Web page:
Eunice Police Chief Randy Fontenot says the 17-year-old Eunice High School juniors were arrested Friday on a felony count of mingling harmful substances.
Police say the students mixed Krud Kutter, an all-purpose cleaning solution, into the teacher’s cup Wednesday when she stepped out to get supplies. The Advocate reports Fontenot says a girl poured the chemical into the drink while a boy filmed her and acted as a lookout.
When the teacher returned, she sipped her drink and then threw it away. Fontenot says he doesn’t believe she consumed enough to adversely affect her health.
Another student showed the video to a school resource officer Thursday. Fontenot says the suspects said they did it as a prank.
Chobani Company Helps Students
New York students of low-income families received help from the yogurt company Chobani.
They plan to pay the school lunch debts of low-income families with students attending a district that made headlines by announcing children who owe money would get cold sunflower butter and jelly sandwiches instead of a hot meal, the mayor’s office confirmed on May 10.
The office of Warwick Mayor Joseph Solomon said it is coordinating with Chobani to accept nearly $50,000, the amount owed by low-income families with children in Warwick Public Schools.
Chobani founder and CEO Hamdi Ulukaya tweeted on May 9 that as a parent, the news broke his heart. Access to nutritious food should be a right, not a privilege, he said.
business must do its part.. our responsibility as members of community. who will join us? pic.twitter.com/6HOTjDE4CX
— Hamdi Ulukaya (@hamdiulukaya) May 9, 2019
“Chobani is doing our small part to help pay this debt,” he wrote on Twitter. “Business must do its part.. our responsibility as members of community. who will join us?”
“The last thing that kids should worry about today is if there’s a warm lunch for them at school, and the shame they might feel if their classmates realize they can’t afford a school lunch,” Chobani noted in a press release according to WJAR.
Chobani was but one of the businesses and organizations that offered to donate money to the district, officials said.
The mayor’s office is trying to plan an event to accept the donations formally, spokeswoman Courtney Marciano said, and there has been an outpouring of support from across the country.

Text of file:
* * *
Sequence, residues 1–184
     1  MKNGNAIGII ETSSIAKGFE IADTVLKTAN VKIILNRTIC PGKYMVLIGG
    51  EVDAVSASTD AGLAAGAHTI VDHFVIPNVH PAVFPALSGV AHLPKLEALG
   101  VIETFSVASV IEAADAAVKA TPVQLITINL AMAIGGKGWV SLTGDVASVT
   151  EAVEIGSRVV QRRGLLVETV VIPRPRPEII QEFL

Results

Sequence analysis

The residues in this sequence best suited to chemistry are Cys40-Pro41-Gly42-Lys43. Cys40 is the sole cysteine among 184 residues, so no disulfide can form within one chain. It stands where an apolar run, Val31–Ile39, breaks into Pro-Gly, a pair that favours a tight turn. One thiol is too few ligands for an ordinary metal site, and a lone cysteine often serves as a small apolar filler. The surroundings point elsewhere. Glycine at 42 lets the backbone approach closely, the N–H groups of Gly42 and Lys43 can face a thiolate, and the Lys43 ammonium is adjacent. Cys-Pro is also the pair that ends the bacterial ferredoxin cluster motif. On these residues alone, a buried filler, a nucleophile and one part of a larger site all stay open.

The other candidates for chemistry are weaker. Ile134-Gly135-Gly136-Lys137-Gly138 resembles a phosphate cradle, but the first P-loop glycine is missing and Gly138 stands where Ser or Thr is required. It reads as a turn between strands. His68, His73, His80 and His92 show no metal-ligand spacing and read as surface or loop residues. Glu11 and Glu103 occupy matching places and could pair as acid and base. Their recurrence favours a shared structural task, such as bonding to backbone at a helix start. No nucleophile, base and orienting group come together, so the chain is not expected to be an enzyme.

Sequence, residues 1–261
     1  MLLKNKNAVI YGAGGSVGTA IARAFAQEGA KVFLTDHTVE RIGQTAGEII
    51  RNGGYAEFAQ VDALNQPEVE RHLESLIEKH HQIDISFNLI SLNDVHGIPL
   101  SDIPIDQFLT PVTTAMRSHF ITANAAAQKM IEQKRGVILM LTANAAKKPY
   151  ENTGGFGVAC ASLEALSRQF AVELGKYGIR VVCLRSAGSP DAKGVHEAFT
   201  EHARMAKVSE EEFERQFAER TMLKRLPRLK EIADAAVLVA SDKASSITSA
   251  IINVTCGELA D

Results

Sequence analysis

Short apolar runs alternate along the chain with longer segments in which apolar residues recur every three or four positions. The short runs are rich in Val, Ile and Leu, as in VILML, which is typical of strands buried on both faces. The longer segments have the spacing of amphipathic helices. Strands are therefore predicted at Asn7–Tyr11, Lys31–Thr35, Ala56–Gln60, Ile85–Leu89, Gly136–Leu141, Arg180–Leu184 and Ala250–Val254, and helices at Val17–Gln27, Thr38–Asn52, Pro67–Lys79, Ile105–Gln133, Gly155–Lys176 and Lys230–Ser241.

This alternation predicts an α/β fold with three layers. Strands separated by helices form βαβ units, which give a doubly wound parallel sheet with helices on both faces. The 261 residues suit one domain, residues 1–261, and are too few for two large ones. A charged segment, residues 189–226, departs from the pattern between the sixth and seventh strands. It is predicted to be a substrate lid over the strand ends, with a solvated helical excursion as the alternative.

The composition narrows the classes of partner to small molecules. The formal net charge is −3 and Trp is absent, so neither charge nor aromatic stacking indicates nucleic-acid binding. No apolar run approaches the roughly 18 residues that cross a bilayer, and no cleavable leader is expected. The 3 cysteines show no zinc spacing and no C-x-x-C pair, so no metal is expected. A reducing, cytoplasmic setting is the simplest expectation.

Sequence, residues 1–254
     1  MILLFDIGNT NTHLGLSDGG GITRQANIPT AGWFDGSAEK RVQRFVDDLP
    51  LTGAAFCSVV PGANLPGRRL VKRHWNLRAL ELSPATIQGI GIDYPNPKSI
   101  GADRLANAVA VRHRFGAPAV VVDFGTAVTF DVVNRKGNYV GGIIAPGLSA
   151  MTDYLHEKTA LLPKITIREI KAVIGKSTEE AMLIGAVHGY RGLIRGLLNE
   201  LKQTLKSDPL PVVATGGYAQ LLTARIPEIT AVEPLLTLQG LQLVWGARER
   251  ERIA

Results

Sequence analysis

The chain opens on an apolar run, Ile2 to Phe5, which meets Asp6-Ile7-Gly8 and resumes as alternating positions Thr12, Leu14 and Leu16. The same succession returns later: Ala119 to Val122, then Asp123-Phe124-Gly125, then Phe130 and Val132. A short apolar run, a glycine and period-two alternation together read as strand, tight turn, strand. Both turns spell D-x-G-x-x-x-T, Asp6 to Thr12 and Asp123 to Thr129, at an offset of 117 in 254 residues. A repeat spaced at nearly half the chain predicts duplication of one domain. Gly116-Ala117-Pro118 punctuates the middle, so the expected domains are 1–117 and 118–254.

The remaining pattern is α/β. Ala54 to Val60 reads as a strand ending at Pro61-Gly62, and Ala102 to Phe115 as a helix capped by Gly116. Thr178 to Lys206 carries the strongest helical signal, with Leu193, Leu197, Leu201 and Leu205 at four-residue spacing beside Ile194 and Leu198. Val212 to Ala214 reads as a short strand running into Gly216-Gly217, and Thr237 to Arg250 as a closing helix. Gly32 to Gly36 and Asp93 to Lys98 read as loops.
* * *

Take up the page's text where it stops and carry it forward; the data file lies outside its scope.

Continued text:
Chobani, based in Norwich, New York, is also looking to donate yogurt to the schools, a spokesman said.
Solomon and state Rep. Joseph Shekarchi, majority leader of the Rhode Island House, said they want to work with Chobani to bring attention to food insecurity among students nationally.
The Jelly Sandwich Situation
Warwick Public Schools announced on May 5 via Facebook: “Effective Monday, May 13, 2019, if money is owed on a paid, free, or reduced lunch account a sun butter and jelly sandwich will be given as the lunch choice until the balance owed is paid in full or a payment plan is set up.”
Students who qualify for free meals can still run up a debt by adding extras to their lunch trays, such as milk, which are not included in the free lunch, according to parents who commented on Facebook at the time.
Warwick Public Schools had said it was owed $77,000 and couldn’t assume more debt, sparking a public backlash and upsetting the mayor, who asked the school committee to reconsider. It later reversed the decision.
School Committee Chairwoman Karen Bachus said on Facebook on May 8 that committee members have recommended that students get their choice of lunch regardless of their account status.
The district includes 19 schools. About 1,650 students owed money as of last Friday, May 3, and about 70 percent of those students are not enrolled in the program for free or reduced-price lunches, according to the school committee.
While some labeled it as “food shaming” the poor, other parents encouraged each other to help settle any outstanding debts with donations.
About $14,000 was collected from families with outstanding balances this week, after the cold sandwich policy was announced, Bachus said.
School leaders are working with attorneys on a way to accept donations to help settle lunch debt after a local restaurant owner said the district twice turned down his offer to donate $4,000, Bachus said.
Leaders are trying to find a balance between being fiscally responsible and ensuring all students get a healthy, nutritious lunch, she said.
Warwick is the second largest city in the state, with a population of just over 80,000. All public schools in Rhode Island are mandated by state law to provide lunches. Pending legislation would change state law making free hot lunches available for all students regardless of income.
NTD staff contributed to this report